What are Hedge Funds Investing in? Track them Using 13F Filings
Picking stocks can be a daunting process, even for active traders. It seems like no matter how much research you put in, there’s no way to beat the professionals. While it may be true that, short of investing millions in a hedge fund there’s no way to invest alongside the greats, it turns out that you can track their positions through 13F filings.
Each quarter, all institutional money managers with at least $100 million invested in qualifying securities (essentially all NASDAQ-quoted stocks, equity options and warrants, shares of closed-end investment companies, and ETFs) are required to file a 13F report with the SEC.
The report must list every security which meets either of the following criteria:
- The institutional money manager holds at least 10,000 shares
- The market value of the position is at least $200,000
The only exceptions are short positions and foreign securities that are not traded on a U.S. exchange (so ADRs must be reported).
Why Should I Care?
Every major hedge fund in the U.S. must file a 13F report, which inspires many active investors to track the positions of famous fund managers. Though you have to wait until the report is filed, it’s significantly easier to copy the investments of Warren Buffett and David Einhorn than to raise the money needed to invest in Berskshire Hathaway or Greenlight Capital.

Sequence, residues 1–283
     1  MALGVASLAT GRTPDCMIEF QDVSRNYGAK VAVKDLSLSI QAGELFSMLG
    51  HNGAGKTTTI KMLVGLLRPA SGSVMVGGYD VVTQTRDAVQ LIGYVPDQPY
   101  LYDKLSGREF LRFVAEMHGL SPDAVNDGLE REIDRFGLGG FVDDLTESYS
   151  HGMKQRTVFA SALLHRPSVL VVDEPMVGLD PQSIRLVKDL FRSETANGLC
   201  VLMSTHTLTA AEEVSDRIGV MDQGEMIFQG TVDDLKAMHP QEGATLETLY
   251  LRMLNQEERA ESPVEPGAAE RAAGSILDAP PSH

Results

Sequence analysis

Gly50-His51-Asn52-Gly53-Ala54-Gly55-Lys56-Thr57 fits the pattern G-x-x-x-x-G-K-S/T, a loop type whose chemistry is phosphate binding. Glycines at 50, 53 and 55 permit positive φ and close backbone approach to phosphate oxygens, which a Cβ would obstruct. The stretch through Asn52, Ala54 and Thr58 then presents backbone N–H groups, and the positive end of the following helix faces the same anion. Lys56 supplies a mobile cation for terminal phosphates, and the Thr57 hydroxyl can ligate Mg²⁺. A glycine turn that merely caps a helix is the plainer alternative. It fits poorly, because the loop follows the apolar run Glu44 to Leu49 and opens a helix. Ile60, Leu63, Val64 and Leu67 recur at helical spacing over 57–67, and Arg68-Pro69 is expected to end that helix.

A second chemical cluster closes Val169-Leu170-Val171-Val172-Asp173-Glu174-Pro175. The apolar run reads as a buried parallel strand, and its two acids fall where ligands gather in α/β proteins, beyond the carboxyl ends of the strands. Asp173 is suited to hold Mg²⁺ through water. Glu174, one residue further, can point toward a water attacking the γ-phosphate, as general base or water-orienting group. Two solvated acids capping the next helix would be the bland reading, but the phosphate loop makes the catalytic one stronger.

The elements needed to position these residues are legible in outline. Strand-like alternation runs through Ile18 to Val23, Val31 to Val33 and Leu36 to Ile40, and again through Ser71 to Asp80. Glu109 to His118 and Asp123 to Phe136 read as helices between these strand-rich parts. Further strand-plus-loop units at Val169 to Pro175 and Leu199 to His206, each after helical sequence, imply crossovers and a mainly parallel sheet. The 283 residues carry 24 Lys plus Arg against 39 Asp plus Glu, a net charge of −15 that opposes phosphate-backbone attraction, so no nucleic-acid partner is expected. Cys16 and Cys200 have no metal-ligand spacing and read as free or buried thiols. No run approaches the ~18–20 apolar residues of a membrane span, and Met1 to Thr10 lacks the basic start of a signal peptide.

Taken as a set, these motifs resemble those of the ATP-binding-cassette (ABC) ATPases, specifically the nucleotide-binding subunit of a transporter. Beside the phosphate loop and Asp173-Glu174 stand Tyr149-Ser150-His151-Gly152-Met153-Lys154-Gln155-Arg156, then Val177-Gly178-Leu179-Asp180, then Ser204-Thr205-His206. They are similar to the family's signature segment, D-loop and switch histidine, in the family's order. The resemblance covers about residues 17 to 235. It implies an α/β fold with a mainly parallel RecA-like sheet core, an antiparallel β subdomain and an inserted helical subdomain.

Regular investors should also stay aware of trends amongst institutional investors. In 1980, 28% of outstanding U.S. equities were held by institutional investors, but by 2009 institutional ownership had grown to 51%, according to NYSE data.
Long-term investors have good reason to follow hedge fund positions as well. A recent study from Imperial College London, commissioned by KPMG, demonstrated that hedge funds significantly outperformed equities, bonds and commodities between 1994 and 2011. Even after fees, hedge funds managed to return an average of 9% per annum.
According to Stephen Taub at Insitutional Investor, there are three primary drawbacks to following 13F filings:
- Hedge funds don’t always make smart decisions. In 2012, for instance, 88% of hedge funds underperformed the market and approximately 635 had to close due to poor returns.
- The positions reported may be significantly outdated. 13F reports don’t have to be filed until 45 days after the end of the calendar quarter. Unless you’re looking for long-term investment trends, data that old carries significantly less meaning.
- A hedge fund can temporarily hide a position until it has finished purchasing or selling shares. So long as the hedge fund files an amendment within a reasonable period, a position doesn’t have to be reported on the initial filing.
Change on the Horizon
On February 1, NYSE Euronext filed a petition with the SEC to shorten the 13F filing period to two days. The reasoning is that reporting technology has advanced dramatically since the 13F rule was adopted as part of the Securities Acts Amendments of 1975, and that shortening the wait period would be helpful to both investors and institutions. The petition was supported by the Society of Corporate Secretaries and Governance Professionals and the National Investor Relations Institute.
What does this mean for investors? If you’re interested in following or imitating the trades of hedge fund managers, having access to recent data means that you can more closely track the portfolios of winning hedge funds. And if you prefer to simply track institutional investment trends (because, let’s face it, institutional investors are incredibly influential to the market) your data will be closer to real-time than ever before.
Investment allocation photo from Shutterstock.